Western Sahara Resource Watch earlier today revealed disturbing images of 60 tonnes of sardines dumped in the sea by the vessel Adrar earlier this year. From what WSRW has been told, that was just one of many cases where Adrar has discarded perfectly edible fish.
WSRW has also received images of discards dumped on land, at the waste dump called El Carian, near the harbour, not too far from Western Sahara's capital city El Aaiun. The images below were taken on that waste dump on 14 November 2013.
From what WSRW understands, the dumping of fish onshore is done so that the fishermen do not surpass their allotted quotas. After being dumped, it is said that the fish is picked up again and transported to the Moroccan town of TanTan, where it is used for some sort of agricultural fertiliser purpose, although that has not been confirmed.
Morocco is currently occupying most of the territory of Western Sahara. Through the fishing industry, Morocco manages to settle many of their own population in the territory, thus hampering a solution to the conflict. The International court of justice has rejected Morocco's claims to the land. Half the Western Sahara people live as refugee, in refugee camps where, in periods, one in five children suffer from severe malnutrition.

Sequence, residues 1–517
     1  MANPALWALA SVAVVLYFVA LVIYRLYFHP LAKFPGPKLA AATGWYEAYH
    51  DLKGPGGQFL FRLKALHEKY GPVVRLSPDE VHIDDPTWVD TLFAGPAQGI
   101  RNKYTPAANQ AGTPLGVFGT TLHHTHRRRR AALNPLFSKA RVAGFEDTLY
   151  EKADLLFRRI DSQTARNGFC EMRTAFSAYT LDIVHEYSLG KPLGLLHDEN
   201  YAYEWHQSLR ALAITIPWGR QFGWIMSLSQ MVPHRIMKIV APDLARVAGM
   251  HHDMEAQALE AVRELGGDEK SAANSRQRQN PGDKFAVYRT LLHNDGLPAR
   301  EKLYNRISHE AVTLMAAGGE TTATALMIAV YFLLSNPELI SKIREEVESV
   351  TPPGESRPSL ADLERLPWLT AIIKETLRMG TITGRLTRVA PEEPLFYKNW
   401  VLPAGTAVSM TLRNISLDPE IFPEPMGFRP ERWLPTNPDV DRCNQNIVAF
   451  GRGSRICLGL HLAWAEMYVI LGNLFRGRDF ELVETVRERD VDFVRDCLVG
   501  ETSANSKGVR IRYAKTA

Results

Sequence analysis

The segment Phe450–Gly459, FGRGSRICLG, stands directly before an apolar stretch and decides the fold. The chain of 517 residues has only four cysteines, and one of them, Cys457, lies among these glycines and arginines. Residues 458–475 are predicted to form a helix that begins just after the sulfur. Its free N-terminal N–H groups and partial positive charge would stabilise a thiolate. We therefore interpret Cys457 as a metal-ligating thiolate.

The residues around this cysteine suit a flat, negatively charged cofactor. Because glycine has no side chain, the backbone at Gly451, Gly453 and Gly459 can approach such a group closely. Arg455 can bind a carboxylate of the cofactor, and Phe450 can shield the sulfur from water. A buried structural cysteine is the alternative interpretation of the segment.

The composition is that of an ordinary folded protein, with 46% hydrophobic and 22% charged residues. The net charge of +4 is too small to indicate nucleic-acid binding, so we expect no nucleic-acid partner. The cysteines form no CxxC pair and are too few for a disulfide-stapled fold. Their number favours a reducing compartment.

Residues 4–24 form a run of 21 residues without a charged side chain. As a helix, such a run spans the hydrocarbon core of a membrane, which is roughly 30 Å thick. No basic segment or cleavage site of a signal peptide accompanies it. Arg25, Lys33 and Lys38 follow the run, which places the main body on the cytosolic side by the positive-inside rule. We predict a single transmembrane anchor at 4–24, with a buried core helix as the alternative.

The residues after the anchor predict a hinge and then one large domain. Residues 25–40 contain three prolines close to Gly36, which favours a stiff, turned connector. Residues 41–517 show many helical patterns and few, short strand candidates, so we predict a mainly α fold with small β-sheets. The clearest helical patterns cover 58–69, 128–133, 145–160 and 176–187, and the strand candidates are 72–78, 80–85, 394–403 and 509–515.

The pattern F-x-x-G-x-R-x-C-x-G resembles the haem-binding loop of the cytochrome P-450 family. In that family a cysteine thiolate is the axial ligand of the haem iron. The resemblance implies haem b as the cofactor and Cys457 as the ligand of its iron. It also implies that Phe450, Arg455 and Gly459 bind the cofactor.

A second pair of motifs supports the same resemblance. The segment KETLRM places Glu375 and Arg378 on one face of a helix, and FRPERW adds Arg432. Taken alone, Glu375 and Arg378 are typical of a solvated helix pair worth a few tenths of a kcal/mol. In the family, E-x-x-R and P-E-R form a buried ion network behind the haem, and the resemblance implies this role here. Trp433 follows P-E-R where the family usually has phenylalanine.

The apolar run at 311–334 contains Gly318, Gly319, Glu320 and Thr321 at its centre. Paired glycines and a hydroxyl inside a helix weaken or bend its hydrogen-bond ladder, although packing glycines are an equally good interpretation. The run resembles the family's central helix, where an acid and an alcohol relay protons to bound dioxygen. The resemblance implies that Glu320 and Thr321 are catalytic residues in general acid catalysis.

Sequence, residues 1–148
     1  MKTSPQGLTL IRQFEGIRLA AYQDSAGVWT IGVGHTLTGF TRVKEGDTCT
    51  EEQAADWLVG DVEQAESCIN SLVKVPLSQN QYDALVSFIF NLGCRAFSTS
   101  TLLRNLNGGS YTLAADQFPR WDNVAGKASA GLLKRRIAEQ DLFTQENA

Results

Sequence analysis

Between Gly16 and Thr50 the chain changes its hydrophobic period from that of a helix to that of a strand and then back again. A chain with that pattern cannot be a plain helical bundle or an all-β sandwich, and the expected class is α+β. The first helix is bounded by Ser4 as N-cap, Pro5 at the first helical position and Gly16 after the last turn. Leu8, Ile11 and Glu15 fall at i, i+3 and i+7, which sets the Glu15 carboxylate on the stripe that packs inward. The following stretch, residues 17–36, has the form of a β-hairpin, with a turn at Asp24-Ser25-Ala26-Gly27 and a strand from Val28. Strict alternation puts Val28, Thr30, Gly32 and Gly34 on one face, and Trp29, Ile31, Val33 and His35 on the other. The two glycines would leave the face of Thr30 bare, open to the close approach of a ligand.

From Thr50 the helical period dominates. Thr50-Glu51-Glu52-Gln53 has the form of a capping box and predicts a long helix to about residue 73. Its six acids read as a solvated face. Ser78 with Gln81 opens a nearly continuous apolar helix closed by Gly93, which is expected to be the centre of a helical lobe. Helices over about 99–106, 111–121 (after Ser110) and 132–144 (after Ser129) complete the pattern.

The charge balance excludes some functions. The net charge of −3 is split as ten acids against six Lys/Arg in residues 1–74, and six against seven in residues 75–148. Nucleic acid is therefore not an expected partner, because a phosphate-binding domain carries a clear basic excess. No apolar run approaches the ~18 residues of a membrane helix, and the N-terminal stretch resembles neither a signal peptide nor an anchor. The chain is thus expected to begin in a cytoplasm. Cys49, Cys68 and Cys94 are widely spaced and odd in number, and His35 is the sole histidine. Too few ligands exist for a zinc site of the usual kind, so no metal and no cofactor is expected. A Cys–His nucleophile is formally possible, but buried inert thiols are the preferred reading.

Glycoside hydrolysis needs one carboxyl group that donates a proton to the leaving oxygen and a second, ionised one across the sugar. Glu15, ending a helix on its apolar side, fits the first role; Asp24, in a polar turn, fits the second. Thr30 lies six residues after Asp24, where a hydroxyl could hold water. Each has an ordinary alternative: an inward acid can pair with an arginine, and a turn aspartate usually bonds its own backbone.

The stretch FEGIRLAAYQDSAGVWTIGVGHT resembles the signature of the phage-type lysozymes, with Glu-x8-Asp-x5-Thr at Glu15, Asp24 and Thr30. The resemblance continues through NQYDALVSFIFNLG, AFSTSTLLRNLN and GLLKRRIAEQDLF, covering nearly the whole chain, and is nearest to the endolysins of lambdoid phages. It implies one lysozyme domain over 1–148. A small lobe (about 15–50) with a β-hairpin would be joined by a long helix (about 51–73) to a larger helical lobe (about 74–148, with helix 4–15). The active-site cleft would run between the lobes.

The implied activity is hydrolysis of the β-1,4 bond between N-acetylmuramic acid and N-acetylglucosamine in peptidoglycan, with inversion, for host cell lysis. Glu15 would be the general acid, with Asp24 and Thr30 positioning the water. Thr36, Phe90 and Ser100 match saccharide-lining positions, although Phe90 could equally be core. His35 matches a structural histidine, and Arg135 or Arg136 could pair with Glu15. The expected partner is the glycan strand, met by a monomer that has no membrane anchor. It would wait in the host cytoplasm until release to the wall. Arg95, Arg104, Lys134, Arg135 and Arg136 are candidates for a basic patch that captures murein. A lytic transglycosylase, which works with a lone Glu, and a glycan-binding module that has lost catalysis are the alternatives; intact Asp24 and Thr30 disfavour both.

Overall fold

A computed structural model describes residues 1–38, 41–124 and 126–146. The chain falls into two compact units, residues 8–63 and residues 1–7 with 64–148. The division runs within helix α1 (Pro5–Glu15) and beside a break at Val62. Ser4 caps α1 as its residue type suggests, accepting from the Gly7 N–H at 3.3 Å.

Morocco occupies the major part of its neighbouring country, Western Sahara. Entering into business deals with Moroccan companies or authorities in the occupied territories gives an impression of political legitimacy to the occupation. It also gives job opportunities to Moroccan settlers and income to the Moroccan government. Western Sahara Resource Watch demands foreign companies leave Western Sahara until a solution to the conflict is found.
It's not easy keeping up with all the different legal proceedings relating to Western Sahara. For the sake of clarity, here's an overview of the three different cases at the Court of Justice of the European Union.
Leading activists from Western Sahara are condemned to sentences ranging from 20 years to life imprisonment in connection to a mass protest in 2010 denouncing the Saharawi people’s social and economic marginalization in their occupied land; the Gdeim Izik protest camp.
At COP22, beware of what you read about Morocco’s renewable energy efforts. An increasing part of the projects take place in the occupied territory of Western Sahara and is used for mineral plunder, new WSRW report documents.